Creating Outposts - The Art of World Building
Jan 072019

The difference between settlement types is largely physical, determined by population size, defenses, and the availability of resources. Magnitude affects everything, including the amount of territory covered to how much of it can be farmed or protected and how often the settlement is visited. Those with a lot of traffic, something to offer residents, or both, are likely expanding. Conversely, those with less to offer may be shrinking. Most of this chapter will apply equally to all settlement types, but here we’ll look at specific considerations.


These are structures or groups of them where the population is too small (or not perpetually present) to qualify as a village. Whether we call them outposts or something else, the smallest permanent dwellings are anything from a single building that might not be perpetually manned, like a tower, up to a larger fort more like a castle. An outpost might only be needed during certain seasons or conditions, getting overgrown during the absence of people, or just minimally staffed. It could be a refueling station or scientific observation post, particularly in SF.

This has practical consequences. Farming is unlikely if no one is there year-round, requiring residents to either bring food with them, hunt for it, or be supplied from elsewhere, which is believable if the outpost is associated with a larger settlement that built or maintains it. We take for granted food and water supply or the presence of doctors/healers, repairmen (such as blacksmiths or mechanics), or police, but many of these may be missing from the outpost’s staff. Decide which absences make sense or propel your story forward; wounded characters with no healers around adds tension, but a missing blacksmith is harder to make interesting or worth commenting on; in SF, those who can repair equipment are seemingly needed more often.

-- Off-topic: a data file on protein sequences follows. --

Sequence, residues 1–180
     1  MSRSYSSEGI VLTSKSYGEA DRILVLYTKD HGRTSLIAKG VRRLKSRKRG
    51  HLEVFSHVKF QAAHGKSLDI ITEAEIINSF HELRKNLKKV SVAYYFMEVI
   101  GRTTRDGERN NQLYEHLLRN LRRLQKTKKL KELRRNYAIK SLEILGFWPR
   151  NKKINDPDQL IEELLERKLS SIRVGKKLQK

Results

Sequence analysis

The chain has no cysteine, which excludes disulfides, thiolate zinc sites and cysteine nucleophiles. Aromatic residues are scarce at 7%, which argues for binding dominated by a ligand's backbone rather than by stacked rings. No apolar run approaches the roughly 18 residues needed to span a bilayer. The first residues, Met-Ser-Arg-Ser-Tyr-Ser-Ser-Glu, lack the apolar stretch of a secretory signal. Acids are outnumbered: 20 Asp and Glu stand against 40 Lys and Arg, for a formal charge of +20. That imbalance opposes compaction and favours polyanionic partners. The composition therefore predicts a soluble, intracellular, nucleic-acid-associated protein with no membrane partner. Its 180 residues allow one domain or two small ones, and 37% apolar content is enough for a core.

While it’s typically known who built a larger settlement, an outpost might have been long abandoned and possibly used by someone other than its builder. This can offer mystery, such as hidden rooms or ones with disturbing contents and purposes. There’s also the possibility that whoever (or whatever) normally occupies it will return and catch our characters making themselves at home. It’s important to decide who, if anyone, has been using this place lately, its condition, and what we intend to happen to our characters while here. Do they know about this place and think it’s abandoned, or do they know something bad is here but they need it for shelter anyway and come prepared for battle? Unknown outposts that are stumbled upon are the most nerve-racking if something seems “off” about the place, as though danger lurks.

Our less civilized species are likely unable to create buildings. This suggests they’re the ones to take over somewhere abandoned or often unoccupied. They may even do so seasonally so that the regular inhabitants know this and prepare, either by laying traps, making it otherwise less desirable when gone, or coming back heavily armed for the yearly reclaiming of their outpost. The unsavory inhabitants might also leave behind a mess, including carcasses of food, enemies, or both.


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